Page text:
Was there a turning point at Girls on the Run or was there something that really spurred you to start the business and leave the nonprofit world? Was there like one event that you were like, “Okay, I think I’m done now.” 

Rachel Bearbower:

You know, that’s a complicated answer. I think it was multiple things. But really, what it came down to is, I was burned out. I was burned out, I was tired, I had been putting forth so much energy and effort and my own money, reducing my salary to make the budget work, all the things that you are not supposed to do, I did. And in the nonprofit sector, we are not financially compensating the employees for the work that they do. And that is just the culture that has been created and I was one of those. 

And at the end of the day, I was exhausted and sometimes at some point, you do feel like it’s time to move on. I’m a ship builder, not one who sails the ship. So I think I did reach my like, “Hey, it’s been built, it’s time for me to move on.” 

Stephanie Skryzowski:

Yeah, I like that analogy a lot, you build ships, you’re not the captain. And you build the ship and you hand it off to the captain. I love that. Thinking about the nonprofit world, which is where I spent a lot of time as well. I think you’re right, that it’s like built into the nonprofit industry, that executive directors CEOs of nonprofits are often applauded for the sacrifices that they make. And we’re all so dedicated to the mission and the purpose behind what we do that it almost feels okay to do that.

But that leads to exactly like what you said, it leads to burnout entirely. And so there’s going to be a turning point, I feel like in the nonprofit world as a whole where it’s like, “All right, we have to prioritize self care and making sure executive directors and other staff have the resources that they need so we can keep having the impact that we want to have.” 

Rachel Bearbower:

Absolutely, talking about self care is something that I talk a lot about in my business. And self care also means making money. Being able to put groceries on the table is important. Being able to pay your rent and pay all of your bills, go on vacation every once in a while even if that is to maybe a overnight hotel or something or a cabin in the woods, like being able to have a little bit of discretionary money is important.

But beyond that, maternity leave, paternity leave, a 401(k) I spend so much time in my really important wealth building years in nonprofit and now I’m mid 30s. I’m starting to be on the other side of mid 30s to be really honest here. But I am now having to make up for that even more because I spent so much time not investing in my retirement and my future and building that wealth during that time, because it just wasn’t available, I was just trying to make ends meet. 

Stephanie Skryzowski:

I know, it’s definitely a really strong balance that needs to be struck between doing something that you love and you’re super passionate about while also making sure that you are taking care of yourself. And a lot of it, I feel like comes back to boundaries and making sure that you’ve sort of protected yourself in the right way and that’s definitely something I see all the time in the nonprofit space. And I love that your business now is helping executive directors sort of avoid some of the challenges that you’ve seen when it comes to burnout. So I would love to hear more about what you actually do and how Small Shop Strategies serves nonprofit executive directors today.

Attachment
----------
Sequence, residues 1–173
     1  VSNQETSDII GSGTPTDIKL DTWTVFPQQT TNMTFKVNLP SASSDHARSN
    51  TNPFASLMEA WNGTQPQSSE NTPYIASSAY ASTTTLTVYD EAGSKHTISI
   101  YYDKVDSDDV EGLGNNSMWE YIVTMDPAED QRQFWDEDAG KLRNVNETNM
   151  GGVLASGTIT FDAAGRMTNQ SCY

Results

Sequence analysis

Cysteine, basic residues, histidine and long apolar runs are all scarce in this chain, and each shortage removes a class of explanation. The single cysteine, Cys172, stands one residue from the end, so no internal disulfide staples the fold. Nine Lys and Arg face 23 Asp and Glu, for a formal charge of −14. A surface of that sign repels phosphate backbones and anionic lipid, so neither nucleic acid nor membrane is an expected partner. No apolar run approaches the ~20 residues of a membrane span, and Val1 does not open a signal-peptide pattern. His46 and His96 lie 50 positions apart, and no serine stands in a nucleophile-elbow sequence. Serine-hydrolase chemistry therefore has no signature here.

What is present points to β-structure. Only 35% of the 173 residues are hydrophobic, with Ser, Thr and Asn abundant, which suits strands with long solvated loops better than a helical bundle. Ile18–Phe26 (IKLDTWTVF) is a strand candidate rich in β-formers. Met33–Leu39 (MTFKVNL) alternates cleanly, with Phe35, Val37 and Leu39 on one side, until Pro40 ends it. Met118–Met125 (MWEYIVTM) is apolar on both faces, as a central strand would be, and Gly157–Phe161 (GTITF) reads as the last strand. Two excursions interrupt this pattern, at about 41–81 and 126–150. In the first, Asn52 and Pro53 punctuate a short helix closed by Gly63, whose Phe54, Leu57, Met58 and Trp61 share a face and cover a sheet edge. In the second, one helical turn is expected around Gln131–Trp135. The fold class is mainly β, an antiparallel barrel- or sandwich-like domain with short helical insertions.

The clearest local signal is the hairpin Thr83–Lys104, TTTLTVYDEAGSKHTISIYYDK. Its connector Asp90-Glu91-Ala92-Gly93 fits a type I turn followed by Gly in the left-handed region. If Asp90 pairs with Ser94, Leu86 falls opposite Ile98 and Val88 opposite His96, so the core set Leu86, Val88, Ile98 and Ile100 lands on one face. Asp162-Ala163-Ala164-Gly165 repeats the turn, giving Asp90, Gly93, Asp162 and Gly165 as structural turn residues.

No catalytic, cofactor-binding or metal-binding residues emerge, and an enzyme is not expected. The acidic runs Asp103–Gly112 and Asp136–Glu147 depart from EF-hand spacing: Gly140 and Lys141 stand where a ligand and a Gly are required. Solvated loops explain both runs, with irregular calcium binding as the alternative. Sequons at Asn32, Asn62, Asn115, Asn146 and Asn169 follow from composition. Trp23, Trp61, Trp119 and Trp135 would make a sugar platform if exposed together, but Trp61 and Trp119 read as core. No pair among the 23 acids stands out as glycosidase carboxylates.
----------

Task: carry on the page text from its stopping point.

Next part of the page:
Rachel Bearbower:

I think every entrepreneur goes through a few phases of, I’m going to help everyone and then I need to figure out who I’m actually going to serve. And then you realize when you niche down, and you really start targeting your messaging and being really specific about what you want to do, then it like it works and it’s really cool. So it took me a little while to figure out even though I knew like I want to help executive directors, my messaging didn’t reflect that.

So now I feel like after a year of really working on the plan and figuring out exactly what I want to do. So now I am supporting them through a membership program, where it’s called the productive executive director, because I felt like as [inaudible 00:11:33] I was always like, I’m just trying to get organized so that I can do the next thing. But I was never really productive, I mean I was, I was checking things off my to do list but I had a never ending todo list. I never had that big plan. I think I had these great dreams of creating this strategic plan. But I didn’t know how to be strategic when I was building this framework of an organization. 

So I basically took everything that I learned over seven years, plus all the research and experience I had from nonprofit leaders and thought leaders in the industry and put it all together into a really digestible platform where one you can go through and take lessons, plan out your annual plan, figure out your goals, the basics of fundraising. But then what’s more important is the community behind it.

So often, executive directors feel very, very isolated, because they can’t talk about some of the things that they’re really struggling with, because they have a board of directors or staff. And so this is the place where they have a community behind them to support the work that they’re doing through coaching calls and the community message board, everything and anything that an executive director might need, I try to put into one membership package. 

Stephanie Skryzowski:

I love that, especially the community piece, because I find that, yeah nonprofit executive directors and I feel like there’s parallels in the entrepreneurial space as well. Like, you can’t talk to your team of maybe you’ve got a couple employees, or maybe a couple of contractors as an entrepreneur, you can’t talk to them about, “Hey, I’m having this problem with a contractor,” you can’t talk to them about it, you don’t have a boss, you don’t really necessarily have peers.

And so it’s kind of up to you to find that community as an entrepreneur. And I love that you’re providing that space for nonprofit executives too. I wanted to go back to something you said when you were like, “Yeah, about a year ago, you sort of shifted your messaging and really got clear on what you wanted to offer as an entrepreneur,” because I was going to say, based on your Instagram and your website, it is very clear to me what you do. So first of all, great job on that.